After talks between International Atomic Energy Agency and Iranian officials ended in failure last week, agency chief Yukiya Amano said on Saturday that he "can't be in an optimistic mood" concerning a third round of talks in Moscow between six Western powers and Iran scheduled for June 18-19.
On Friday, the U.N. nuclear agency failed to coax Iran into allowing it to reopen a long-dormant probe of suspicions that Tehran worked secretly on atomic arms, further burdening the atmosphere ahead of the Moscow talks.
The IAEA's investigation has been stalled by Iran's insistence that the allegations are based on forged U.S. and Israeli intelligence. The six powers — the U.S., Russia, China, Britain, France and Germany — had been watching the outcome of the agency talks in Vienna closely for signs of Iranian flexibility.
But the day-long meeting broke up without agreement, and IAEA negotiator Herman Nackaerts said Iran came to the table with new conditions instead of signing off on a previous draft. "There has been no progress ... this is disappointing," Nackaerts told reporters, adding that no date for a new meeting had been agreed upon.
Iranian envoy Ali Asghar Soltanieh said "there is no obstacle" to a future deal. But the inconclusive meeting fell far short of expectations raised by Amano, who cited the Iranian side late last month as assuring him that agreement was near.
Resumption of the investigation has gained urgency in recent months because of IAEA concerns about a site it suspects was used to test ways of setting off a nuclear charge with high explosives.
The agency late last month showed IAEA board member nations satellite images indicating a cleanup of the site, saying the photos depicted water streaming out of one building, the razing of several other buildings and removal of earth at the facility.
Such activities at the Parchin military base southeast of Tehran are a recent IAEA concern, but Iran's stonewalling of requests of access to sites, scientists and documents the agency says are linked to dozens of suspected cases of secret nuclear weapons work goes back to 2007.
In an interview with the Wall Street Journal, Amano said not only was there no progress in IAEA talks with Iran, but there were actually some points of regression.
The talks went on for more than five hours and IAEA officials said that as time passed, the tone became more and more belligerent and the sides could not come to an agreement on the scope of U.N. inspector supervision at Iranian nuclear facilities.
The talks were meant as preparation for the next round of negotiations between representatives of the U.S., Russia, China, Britain, France and Germany on one side, and Iranian representatives on the other, and while Amano did not say they were a total failure, he did express concern that Iran had reneged on its apparent willingness to sign an agreement with the IAEA and that he and the agency will be reassessing the situation in light of Iran's about-face.
Officials in Washington also expressed dismay at the possibility of progress in the upcoming talks in Moscow. Robert Wood, chief U.S. delegate to the IAEA, said on Saturday, "The results of the talks once again emphasize Iran's inability to fulfill its commitments."
Ismail Kowsari, deputy chairman of Iran's Majlis Committee on National Security and Foreign Policy, went one step further on Saturday and said, "The talks in Moscow will fail for sure. The powers are behaving like bullies in the negotiations and we will not cave in to their pressure."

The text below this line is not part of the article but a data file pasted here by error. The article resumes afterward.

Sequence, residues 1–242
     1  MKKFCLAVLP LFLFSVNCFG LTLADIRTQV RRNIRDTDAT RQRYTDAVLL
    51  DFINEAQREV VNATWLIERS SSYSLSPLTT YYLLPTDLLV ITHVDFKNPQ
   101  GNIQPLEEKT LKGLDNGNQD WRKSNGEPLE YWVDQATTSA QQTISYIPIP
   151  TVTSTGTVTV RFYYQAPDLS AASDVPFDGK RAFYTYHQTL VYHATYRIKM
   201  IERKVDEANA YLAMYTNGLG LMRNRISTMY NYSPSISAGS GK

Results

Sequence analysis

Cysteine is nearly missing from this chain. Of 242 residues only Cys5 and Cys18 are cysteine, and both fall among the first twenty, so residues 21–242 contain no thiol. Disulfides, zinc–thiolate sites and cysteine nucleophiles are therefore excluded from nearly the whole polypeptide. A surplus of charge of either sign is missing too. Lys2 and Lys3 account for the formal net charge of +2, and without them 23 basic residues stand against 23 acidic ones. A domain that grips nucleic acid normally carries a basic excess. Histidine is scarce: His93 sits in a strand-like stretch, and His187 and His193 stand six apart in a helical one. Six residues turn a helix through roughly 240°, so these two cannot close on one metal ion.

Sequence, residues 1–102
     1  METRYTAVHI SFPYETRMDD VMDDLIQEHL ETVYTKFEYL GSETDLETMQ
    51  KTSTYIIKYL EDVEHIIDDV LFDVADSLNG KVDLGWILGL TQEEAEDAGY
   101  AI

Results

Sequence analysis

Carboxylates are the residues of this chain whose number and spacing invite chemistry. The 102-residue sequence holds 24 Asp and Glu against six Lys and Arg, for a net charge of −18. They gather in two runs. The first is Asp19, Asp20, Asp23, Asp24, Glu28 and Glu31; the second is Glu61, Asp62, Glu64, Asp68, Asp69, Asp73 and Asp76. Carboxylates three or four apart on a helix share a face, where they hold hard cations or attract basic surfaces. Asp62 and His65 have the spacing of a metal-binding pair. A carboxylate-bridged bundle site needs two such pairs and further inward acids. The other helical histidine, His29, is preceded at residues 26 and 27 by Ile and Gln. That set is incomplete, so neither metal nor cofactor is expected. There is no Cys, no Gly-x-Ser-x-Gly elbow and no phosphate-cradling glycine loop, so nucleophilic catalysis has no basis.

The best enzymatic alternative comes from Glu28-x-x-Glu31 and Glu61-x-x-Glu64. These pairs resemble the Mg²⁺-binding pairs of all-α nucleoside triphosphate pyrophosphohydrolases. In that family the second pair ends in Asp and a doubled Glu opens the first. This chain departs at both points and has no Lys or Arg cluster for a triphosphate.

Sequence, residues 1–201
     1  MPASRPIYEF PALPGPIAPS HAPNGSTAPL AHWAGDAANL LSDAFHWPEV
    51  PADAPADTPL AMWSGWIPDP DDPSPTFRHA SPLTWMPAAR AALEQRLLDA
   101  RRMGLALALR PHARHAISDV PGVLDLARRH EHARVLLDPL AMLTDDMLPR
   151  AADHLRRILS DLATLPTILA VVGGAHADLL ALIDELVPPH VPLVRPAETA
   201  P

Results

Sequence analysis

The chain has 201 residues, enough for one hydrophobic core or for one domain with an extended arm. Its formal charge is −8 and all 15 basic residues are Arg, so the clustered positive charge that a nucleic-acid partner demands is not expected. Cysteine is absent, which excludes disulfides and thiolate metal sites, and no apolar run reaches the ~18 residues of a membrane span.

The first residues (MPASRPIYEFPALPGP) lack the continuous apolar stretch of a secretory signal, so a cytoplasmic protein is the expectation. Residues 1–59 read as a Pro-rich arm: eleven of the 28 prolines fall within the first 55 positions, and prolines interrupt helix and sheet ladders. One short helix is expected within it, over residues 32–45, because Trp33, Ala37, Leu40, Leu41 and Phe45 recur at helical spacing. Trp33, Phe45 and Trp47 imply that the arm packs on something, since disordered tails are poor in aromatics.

After supporting the Iranian position unequivocally throughout talks with the West, Iran's staunch ally, China, seemed to have joined the chorus of countries urging Iran to be more forthcoming over the weekend. At a meeting in Beijing between Chinese President Hu Jintao and Ahmadinejad, Jintao urged the Iranian president to be more "flexible and pragmatic" in the negotiations.
In talks that began in Istanbul in April, the West has presented a proposal, offering a mix of incentives if Tehran reduces uranium enrichment, which can generate weapons-grade material as well as nuclear fuel.
International attention is focused on Iran's uranium enrichment work, particularly its decision last year to start enriching to a level that can be turned quickly into the core of nuclear missiles. The six powers are seeking to coax Tehran into stopping this activity, but the Islamic Republic says it needs to continue higher-grade enrichment to 20 percent to power a research reactor and to make medical isotopes.
Iran denies any interest in nuclear weapons and wants the international community to ease sanctions before it makes a move, something the Western nations are unwilling to do. Instead, they are offering spare parts for Iran's aging commercial airline fleet and other goods restricted by sanctions.
An Iran armed with nuclear weapons is considered a threat. Israel has indicated readiness to attack Iran if diplomacy and sanctions fail. The U.S. has said it wants to keep "all options" on the table. Both suspect that Iran is aiming to build nuclear weapons, and Israel believes it would be a prime target.
But the letters show little progress in bridging differences less than two weeks before the Moscow talks and before sanctions are tightened still further on Iran's oil. The U.S already has started to enforce penalties against countries importing Iranian crude, and the 27-nation European Union, which recently accounted for 18 percent of Iran's oil shipments, plans to begin an oil boycott July 1.
Comments posted Friday by Iranian President Mahmoud Ahmadinejad on his website suggested a tough line by Tehran ahead of the Moscow talks. "If Iran wants to build an atomic bomb, it doesn't fear anyone and will publicly announce it and no one will be able to prevent it," Ahmadinejad wrote, while insisting that Iran had no intention of building nuclear weapons.